Publicity April 2016

The devil is in the detail

The leadership Japan series

The saying, “The devil is in the detail”, reflects ancient wisdom about taking careful notice of small things. The quite amusing reflection on this saying is that it was created centuries ago, when we can imagine life was substantially less complex than it is today.

Email surges, flat surfaces groaning under the weight of paper, meetings back to back from dawn to dusk, and ring tones, beeps and assorted intrusions from digital devices we carry 24 hours a day—this is the modern life. How easy it is for us to become overwhelmed by all the detail and, in the process, unknowingly unleash a number of devils.

The usual answer to these types of dilemmas is to work on our time management, especially prioritisation and that other partner in crime—delegation.

Surprisingly, many of the executives I train or coach do not sufficiently plan their days. They do not have written down lists of what should occupy their valuable time, in order of priority, and be executed starting with the task of highest importance.

They are commencing their days hammering away on whatever random emails landed in their inbox overnight. They troop off to a barrage of meetings and then race back to attack the newer emails, which slipped through during their absence or which could not be dealt with, surreptitiously, on their device during the meeting.

Stop kidding yourself; your time is all you have—and time is life. Pause for a moment and let that statement sink in slowly. Set goals, so you have a direction. Set a vision so that you have a philosophy about why you are doing it all. Boil both down to tasks to be completed on a daily basis, arranged in a pecking order from most to least important, and only start with the number one priority.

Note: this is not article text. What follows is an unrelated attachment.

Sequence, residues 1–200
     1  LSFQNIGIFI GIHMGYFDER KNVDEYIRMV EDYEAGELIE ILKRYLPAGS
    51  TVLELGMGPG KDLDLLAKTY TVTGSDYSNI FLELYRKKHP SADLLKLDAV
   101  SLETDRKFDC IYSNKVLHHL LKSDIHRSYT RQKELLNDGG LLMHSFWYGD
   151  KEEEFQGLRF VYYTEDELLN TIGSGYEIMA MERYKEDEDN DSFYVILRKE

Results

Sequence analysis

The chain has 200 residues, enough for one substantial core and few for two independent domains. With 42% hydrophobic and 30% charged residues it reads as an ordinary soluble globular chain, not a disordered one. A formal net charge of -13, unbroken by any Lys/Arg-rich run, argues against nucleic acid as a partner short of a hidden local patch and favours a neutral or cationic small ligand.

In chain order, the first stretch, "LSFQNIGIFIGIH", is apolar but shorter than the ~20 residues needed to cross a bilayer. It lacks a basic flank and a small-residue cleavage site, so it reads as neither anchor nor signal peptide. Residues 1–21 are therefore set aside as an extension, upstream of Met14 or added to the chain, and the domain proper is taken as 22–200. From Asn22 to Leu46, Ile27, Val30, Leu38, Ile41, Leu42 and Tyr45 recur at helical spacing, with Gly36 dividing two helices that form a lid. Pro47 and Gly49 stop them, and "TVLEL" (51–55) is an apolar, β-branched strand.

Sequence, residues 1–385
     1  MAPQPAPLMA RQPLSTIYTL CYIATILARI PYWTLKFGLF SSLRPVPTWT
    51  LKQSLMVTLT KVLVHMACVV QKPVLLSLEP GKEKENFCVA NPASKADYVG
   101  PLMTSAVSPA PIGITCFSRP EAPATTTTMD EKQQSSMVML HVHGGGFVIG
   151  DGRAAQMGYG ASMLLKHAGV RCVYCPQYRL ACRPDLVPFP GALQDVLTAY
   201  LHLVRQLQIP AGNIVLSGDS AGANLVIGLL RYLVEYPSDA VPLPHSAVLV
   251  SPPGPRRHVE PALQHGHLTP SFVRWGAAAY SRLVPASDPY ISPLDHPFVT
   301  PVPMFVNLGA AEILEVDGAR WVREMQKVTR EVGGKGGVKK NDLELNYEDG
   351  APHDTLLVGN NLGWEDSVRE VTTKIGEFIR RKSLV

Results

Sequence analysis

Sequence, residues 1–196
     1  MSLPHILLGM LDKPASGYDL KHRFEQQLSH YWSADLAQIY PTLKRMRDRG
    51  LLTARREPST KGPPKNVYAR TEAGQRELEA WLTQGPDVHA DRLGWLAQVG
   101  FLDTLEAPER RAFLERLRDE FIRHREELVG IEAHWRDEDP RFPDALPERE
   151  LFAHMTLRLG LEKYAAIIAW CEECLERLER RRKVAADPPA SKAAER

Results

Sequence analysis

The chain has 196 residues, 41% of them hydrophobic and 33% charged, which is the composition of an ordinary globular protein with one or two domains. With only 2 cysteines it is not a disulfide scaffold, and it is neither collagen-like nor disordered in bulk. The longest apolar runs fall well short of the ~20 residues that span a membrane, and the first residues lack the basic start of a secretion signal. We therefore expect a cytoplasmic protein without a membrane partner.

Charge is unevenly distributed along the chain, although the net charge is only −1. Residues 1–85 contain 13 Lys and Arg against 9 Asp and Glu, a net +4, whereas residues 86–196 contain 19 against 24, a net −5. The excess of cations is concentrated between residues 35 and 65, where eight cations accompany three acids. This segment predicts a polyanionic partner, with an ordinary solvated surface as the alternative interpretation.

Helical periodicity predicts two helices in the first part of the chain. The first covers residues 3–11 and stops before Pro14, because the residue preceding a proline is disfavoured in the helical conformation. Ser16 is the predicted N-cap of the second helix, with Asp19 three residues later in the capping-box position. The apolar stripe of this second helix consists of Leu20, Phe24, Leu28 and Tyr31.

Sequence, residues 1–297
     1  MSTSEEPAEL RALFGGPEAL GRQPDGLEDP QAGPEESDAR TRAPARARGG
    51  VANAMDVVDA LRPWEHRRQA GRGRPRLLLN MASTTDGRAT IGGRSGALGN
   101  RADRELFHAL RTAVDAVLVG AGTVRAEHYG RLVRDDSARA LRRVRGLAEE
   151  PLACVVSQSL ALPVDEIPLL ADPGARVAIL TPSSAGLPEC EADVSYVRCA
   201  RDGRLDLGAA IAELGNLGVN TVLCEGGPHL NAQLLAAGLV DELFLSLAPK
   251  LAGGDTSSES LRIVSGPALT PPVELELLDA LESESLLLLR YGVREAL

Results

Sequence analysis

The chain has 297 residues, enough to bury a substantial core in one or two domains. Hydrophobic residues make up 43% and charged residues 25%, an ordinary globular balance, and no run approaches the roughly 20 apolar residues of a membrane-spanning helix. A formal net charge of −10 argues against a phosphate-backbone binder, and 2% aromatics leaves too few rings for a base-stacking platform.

We can’t do everything each day, but we can do the most important thing. Be adaptable to change the order, as the day unfolds, but stick with the self-designated tasks. Move unfinished tasks to the next day’s list and, again, start with the application of priorities, as they will vary from day to day. Do this every day and life becomes a lot more productive and the feeling of being in control starts to enter your soul.

The other bear trap for executives is delegation, which is usually poorly understood and even more poorly executed. Delegation is a misnomer for many executives, because the correct word is dumping, not delegation.

This means shovelling the “whatever” off your desk on to some poor unsuspecting soul’s work pile. It means no supervision until the date of completion, when the teeth gnashing, hand wringing and ear steaming come into evidence, as you discover either it is not ready or, even worse, ready but the wrong thing.

Delegation needs two key steps to be actually worthy of being referred to as delegation. It needs a communication piece with the delegate, where the purpose of the delegation is explained as being there to help that person’s career, by exposing them to the type of tasks they will need to do to rise through the ranks.

The other discipline is checking on progress. There is a delicate balance to ensure checking doesn’t slip into micromanaging, but nevertheless there must be checking. The obvious A to B route for any project sometimes takes a detour in the hands of our subordinates, who decide that A to Q makes more sense to them. We need to pick that up early so we don’t see the task wander off piste.

This is all good in theory. Annoyingly, our busy life interferes with the checking component and we easily stray into the territory of dumping. Later, we often find projects or tasks have gone awry and serious effort needs to be devoted to recovery.

Creating templates for follow-up can help. Rather than relying on memory (an increasingly unreliable ally as we get busier), we have a series of templates for meetings. The template nominates what needs to be addressed in the conversation, so that nothing gets missed.

Subordinates get consistency of management and realise the boss is not dropping the ball, so no shortcuts or deviations will be slipping though unnoticed. We usually only need to make the templates once. Keep them handy and life gets better very quickly.